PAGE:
America’s Airline Traffic Is Now Full of Weed

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Whether
O’Hare
International
Airport
in
Chicago
is
“the
world’s
busiest”
terminal
for
airline
traffic
depends
on
how
you
gauge
such
superlatives.
If
it’s
by
number
of
passengers,
the
busiest
airport
is
Hartsfield-Jackson
in
Atlanta;
if
it’s by
the
sheer
number
of
airplanes
taking
off
and
landing
,
the
United
Airlines
hub
in
Chicago
remains
“busier”
than
anywhere
else
on
the
globe.

Either
way,
as
of
Jan.
1,
O’Hare
is
the
busiest
airport
in
the
world
to
be
newly
located
in
a
state
where
recreational
cannabis
is
legal.
And
indeed,
with
recreational
cannabis
sales
beginning
in
Illinois
earlier
this
month, six
out
of
the
10
busiest
airports
in
the
United
States
are
now
situated
in
states
 where
passengers
can
legally
load
up
at
the
nearest
dispensary
on
their
way
to
or
from
the
airport

which
means
that
airline
traffic
in
the
U.S.
is
even
more
loaded
with
weed
than
it
was
before, and
there’s
not
much
of
anything
anyone
can
do
about
it.

You
may
hear
that
boarding
an
aircraft
while
carrying
cannabis
is
illegal
in
the
United
States.
That
is
true

federal
law
governs
the
friendly
skies
over
all
50
states,
and
federal
law,
quite
famously,
thinks
cannabis
is
a
highly
addictive
substance
with
no
medical
value

but
practically
speaking,
it’s
never
been
safer
to
fly
with
weed.
(Legal
disclaimer:
This
blog
post
is
not
legal
advice
and
nobody
should
do
anything
we
suggest,
ever.)
Complicating
matters
somewhat
are
the
special
legal
jurisdictions
that
exist
at
airports

in
both
Las
Vegas
and
in
Denver,
the
airports
have
declared
that
state
law
does
not
apply
and
that
cannabis
is
still
illegal

but
both
the
demand
and
the
effort
to
enforce
such
laws
are
slim
to
none.

There
are those
who
would
have
you
believe
 that
boarding
a
flight
bearing
cannabis
in
2020
means
blundering
into
a
confounding
arena,
a
maze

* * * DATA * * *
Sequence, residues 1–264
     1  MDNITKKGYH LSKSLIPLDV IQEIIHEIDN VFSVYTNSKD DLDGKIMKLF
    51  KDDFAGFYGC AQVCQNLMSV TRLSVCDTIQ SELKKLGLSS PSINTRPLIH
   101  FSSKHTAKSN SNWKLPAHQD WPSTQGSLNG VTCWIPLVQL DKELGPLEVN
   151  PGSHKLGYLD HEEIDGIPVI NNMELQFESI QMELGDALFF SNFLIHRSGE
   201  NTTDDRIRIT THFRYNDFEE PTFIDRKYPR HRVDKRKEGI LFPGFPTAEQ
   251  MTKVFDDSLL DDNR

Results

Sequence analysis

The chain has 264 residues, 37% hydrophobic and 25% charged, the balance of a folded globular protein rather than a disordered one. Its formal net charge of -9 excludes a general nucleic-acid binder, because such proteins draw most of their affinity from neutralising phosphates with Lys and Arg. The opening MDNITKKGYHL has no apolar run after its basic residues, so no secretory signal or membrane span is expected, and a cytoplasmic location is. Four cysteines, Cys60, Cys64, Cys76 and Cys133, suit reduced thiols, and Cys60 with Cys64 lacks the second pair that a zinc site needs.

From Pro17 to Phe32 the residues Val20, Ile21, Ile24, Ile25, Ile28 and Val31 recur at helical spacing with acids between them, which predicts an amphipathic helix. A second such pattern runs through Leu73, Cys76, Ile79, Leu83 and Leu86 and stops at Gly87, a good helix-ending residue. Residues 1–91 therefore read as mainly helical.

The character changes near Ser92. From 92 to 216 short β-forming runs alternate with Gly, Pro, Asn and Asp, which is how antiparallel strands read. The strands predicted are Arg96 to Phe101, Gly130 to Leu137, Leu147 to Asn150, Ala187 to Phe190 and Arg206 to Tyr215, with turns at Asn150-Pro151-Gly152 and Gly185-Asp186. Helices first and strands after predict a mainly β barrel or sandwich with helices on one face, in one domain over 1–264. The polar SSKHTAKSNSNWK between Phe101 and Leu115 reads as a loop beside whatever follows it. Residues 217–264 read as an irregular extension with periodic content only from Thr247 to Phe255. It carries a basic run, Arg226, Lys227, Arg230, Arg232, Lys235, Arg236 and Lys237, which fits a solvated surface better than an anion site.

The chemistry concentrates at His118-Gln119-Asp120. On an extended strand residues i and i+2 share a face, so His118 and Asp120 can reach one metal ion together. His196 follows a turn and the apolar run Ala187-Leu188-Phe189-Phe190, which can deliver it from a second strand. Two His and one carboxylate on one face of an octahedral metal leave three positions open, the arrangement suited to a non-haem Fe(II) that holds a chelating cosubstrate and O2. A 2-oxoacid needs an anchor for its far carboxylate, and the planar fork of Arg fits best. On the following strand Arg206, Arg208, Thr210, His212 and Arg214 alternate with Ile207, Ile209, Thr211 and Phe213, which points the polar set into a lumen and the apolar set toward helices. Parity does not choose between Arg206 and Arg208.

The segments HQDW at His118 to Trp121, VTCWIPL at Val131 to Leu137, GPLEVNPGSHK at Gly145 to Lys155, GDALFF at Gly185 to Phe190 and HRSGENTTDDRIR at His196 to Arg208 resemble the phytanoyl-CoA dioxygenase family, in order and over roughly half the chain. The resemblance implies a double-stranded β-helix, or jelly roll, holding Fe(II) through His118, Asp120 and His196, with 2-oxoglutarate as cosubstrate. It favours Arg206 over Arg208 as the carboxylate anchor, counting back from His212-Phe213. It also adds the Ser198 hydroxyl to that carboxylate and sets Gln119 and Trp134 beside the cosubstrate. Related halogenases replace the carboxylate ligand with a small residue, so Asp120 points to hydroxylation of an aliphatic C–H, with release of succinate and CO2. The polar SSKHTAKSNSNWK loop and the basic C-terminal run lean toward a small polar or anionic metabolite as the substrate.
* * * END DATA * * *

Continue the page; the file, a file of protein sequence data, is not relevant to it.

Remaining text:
of
contradictions.
This
is
not
the
case.
The
legal
landscape
is
absurdly
simple:
Cannabis
is
legal
if
the
local
jurisdiction
says
it’s
legal.
The
federal
Transportation
Security
Administration has
gone
as
far
as
to
publicly
announce
 that
they
are
not
there
to
check
for
drugs.
But
if
agents
do
find
cannabis,
their
only
course
of
action
is
to
alert
the
local
authorities.
Unless you
are
some
kind
of
special
breed
of
a
damn
fool
and
try
to
waltz
through
Customs
with
weed
,
all
the
local
authorities
will
be
able
to
do
is
enforce
local
law.
(Under
no
circumstances
should
anyone
who
is
not
a
U.S.
citizen
be
so
foolish;
risks
for
non-citizens
entering
the
U.S.
with
cannabis
include
seizures,
fines,
deportation,
and
a
lifetime
ban
on
entering
the
country.)

It’s
true
that
in
Las
Vegas,
for
example,
possession
of
an
ounce
or
more
of
weed
is
a
felony.
But,
as
an
airport
spokeswoman allowed
to
Forbes
last
year
,
Vegas
“is
a
leisure
market
and
a
destination
market.
We
understand
that
people
come
here
to
have
a
good
time,
so
our
law
enforcement
and
our
community
as
a
whole
value
that.”
This
attitude
is
prevalent,
and
this
is
how
you
explain
O’Hare’s
recent
decision
to
kindly
and
politely
ask
the
public
to
please
enforce
themselves,
and
throw
away
whatever
weed
they
have
on
them
before
boarding
their
flight.

Truthfully,
nobody

not
even
the
hardest-headed
drug-warrior
cop

cares
that
much
about
a
small
amount
of
weed
(except
insofar
as
that
weed
is
an
expedient
excuse
to
justify
a
stop,
or
further
policing).
No,
cops
care
about
big
loads
of
weed,
or,
better
yet, enormous
stacks
of
cash
 that
may
(or
may
not,
who
cares)
be
used
to
buy
big
loads
of
weed. As
the
Los
Angeles
Times
reported
last
year
,
cannabis
“trafficking”
arrests
at
Los
Angeles
International
Airport,
No.
2
on
the
busiest
airports
list
and
thus
the
busiest
in
the
US
where
weed
is
legal,
spiked
166%
to
101
busts
in
2018.
One
typical
bust,
the
newspaper
wrote,
was
an
East
Coast-bound
passenger
with
70
pounds
of
cannabis
in
vacuum-sealed
packages
stashed
in
his
checked
baggage.

Keep
in
mind
that
in
all
of
2018,
there
were
only
503
reports
of
cannabis
found
in
bags
at
LAX

and
that
year,
the
airport
saw
87.5 million passengers
trudge
through
its
gates.
Stashing
weed
in
luggage
“is
normal
procedure…
and
I
would
say
29
out
of
30
times
they
make
it
through
without
a
problem,”
defense
attorney
Bill
Kroger
Jr.
told
the
Times.
The
deduction
here
is
obvious:
legalization
has
made
airports,
and
American
passenger
airlines,
de-facto
weed
delivery
systems.

So
far,
O’Hare
hasn’t
made
itself
a
special
exemption
zone
for
legalization, and
Chicago
police
have
said
publicly
 they
won’t
arrest
anyone
who’s
following
state
law.
(That’s
nice
of
them!)
You
can
almost
certainly
pack
the
legal
limit
and
fly
with
confidence

knowing
there
are
at
least
a
few
other
people
on
your
same
flight
doing
the
exact
same
thing,
if
not
pushing
things
to
the
50-pound
carry-on
limit.


TELL
US,
 have
you
ever
flown
with
cannabis?

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